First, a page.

Built in 1872, by Edward R.A. Buckles, this I-plan vernacular house exhibits classical and Victorian detailing. Its two-story gallery features Doric columns on the ground level, which contrasts with the Victorian turned wood columns and balusters located above. Residing here only a short while, Buckles sold the house in 1873 to Col. Nimrod L. Norton and his wife Mary (Hall). Col. Norton, a Confederate veteran, was active in agriculture during his residence in Salado. A charter member of the local Grange, he was also a member of the Texas Capital building Commission, and donated granite for the capital exterior from a quary he owned in Burnet County.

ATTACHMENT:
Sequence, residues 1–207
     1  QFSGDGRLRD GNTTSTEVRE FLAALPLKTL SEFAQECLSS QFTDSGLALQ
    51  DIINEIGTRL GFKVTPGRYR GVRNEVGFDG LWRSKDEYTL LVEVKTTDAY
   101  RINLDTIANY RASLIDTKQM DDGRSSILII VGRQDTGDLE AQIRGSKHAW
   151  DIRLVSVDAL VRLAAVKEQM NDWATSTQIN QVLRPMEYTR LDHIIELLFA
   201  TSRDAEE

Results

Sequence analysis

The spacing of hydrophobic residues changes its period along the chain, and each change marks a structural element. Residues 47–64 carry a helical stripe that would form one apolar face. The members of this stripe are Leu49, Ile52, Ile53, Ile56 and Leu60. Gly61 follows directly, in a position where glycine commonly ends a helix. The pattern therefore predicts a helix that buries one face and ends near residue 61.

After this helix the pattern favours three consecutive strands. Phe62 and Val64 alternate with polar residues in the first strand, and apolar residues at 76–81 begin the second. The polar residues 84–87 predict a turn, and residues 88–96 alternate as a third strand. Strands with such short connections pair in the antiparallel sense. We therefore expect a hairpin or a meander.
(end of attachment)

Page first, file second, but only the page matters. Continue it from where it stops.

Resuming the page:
On the northern fringes of the town, the Fowler House, built in 1872, denotes Revival symmetry and proportions in the two-story, five-bay front. This facade is marked by double-hung windows with six-over-six lights accented with pedimented hood molds. There is a central entrance surrounded by transom and sidelights. Both the scale and the details of the existing single-story portico with pediment suggest that it is not original. In all probability, the house had an earlier portico where the present one is located.
The Davis House, built ca. 1874 on Main Street, has developed from an original , double-pen log structure into the almost random plan of today. It even incorporated a small frame store that was moved up the hill from the creek and attached in 1900. Another addition was completed i n 1920.